We often see cartoons of bearded old men carrying placards “the world ends tonight” and such men are always a source of amusement when they appear on the streets with such messages. Indeed the Ninevites might have considered that Jonah was just one of these religious freaks and while being amused at his apparent earnestness, they might have become somewhat indignant at the content of his warning.
When the Apostle Paul went to the city of Athens he was met with such a reception. In response to his preaching some said “What would this babbler say?” (Acts 17:18). The people of Nineveh listening to the Hebrew prophet Jonah might well have mused as the Athenians did about the Apostle Paul, “He seems to be a preacher of foreign divinities” (Acts 17:18). We discover, however, that:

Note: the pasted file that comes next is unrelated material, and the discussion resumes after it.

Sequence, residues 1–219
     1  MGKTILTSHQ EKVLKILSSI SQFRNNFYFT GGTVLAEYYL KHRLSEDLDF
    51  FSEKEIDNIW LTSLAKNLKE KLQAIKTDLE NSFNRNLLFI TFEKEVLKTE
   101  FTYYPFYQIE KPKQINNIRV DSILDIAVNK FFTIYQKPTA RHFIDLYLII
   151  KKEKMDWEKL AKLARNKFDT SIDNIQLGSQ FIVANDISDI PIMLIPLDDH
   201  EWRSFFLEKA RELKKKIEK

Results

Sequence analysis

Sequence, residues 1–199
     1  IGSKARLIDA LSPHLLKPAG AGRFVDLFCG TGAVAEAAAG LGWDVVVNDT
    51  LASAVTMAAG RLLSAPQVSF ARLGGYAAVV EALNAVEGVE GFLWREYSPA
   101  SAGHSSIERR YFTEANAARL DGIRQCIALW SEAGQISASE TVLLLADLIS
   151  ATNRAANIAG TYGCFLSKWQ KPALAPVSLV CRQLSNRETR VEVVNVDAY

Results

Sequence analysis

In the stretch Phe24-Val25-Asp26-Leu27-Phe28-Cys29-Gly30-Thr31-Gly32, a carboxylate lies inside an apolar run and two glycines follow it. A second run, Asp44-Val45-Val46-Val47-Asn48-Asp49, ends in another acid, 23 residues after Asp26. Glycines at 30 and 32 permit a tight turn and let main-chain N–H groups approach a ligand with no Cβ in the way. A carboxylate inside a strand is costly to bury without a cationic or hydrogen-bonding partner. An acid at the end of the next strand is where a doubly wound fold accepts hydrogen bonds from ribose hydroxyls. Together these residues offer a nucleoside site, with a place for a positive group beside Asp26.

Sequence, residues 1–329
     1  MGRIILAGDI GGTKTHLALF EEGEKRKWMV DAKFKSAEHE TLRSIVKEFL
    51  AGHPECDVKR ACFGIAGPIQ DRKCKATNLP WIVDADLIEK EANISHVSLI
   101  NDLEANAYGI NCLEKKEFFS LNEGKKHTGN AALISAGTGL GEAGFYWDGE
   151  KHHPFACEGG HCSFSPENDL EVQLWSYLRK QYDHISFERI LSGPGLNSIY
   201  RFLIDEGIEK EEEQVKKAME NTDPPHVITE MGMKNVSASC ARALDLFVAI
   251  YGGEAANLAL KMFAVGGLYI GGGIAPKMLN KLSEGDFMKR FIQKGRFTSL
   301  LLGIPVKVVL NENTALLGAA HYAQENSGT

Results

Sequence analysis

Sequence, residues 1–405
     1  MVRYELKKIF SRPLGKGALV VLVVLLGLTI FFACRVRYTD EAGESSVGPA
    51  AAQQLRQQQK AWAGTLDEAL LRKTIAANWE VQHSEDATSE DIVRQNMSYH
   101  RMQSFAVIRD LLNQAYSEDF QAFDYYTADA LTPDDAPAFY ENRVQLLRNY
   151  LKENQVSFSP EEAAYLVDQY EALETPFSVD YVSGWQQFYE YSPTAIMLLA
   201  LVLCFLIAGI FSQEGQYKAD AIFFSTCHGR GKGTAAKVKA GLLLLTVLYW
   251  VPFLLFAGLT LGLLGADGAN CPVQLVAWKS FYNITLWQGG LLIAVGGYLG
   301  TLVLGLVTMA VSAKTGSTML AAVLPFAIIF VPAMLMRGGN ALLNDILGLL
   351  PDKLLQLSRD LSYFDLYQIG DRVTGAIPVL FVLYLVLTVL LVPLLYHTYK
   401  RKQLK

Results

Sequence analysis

From the throne of the king down to the least of the common folk the hundreds of thousands of Ninevites took Jonah in all seriousness, repented in great earnest, and desperately sought to remove the imminent judgment from their city. Jonah in no way endeavored to persuade them of the truth of his short, simple warning - he just proclaimed it as a matter of fact. He also gave them no assurance that God would spare the city if they repented. It was, on the contrary, his wish and expectation that the city would be destroyed in terms of God's warning whether the Ninevites took him seriously or not.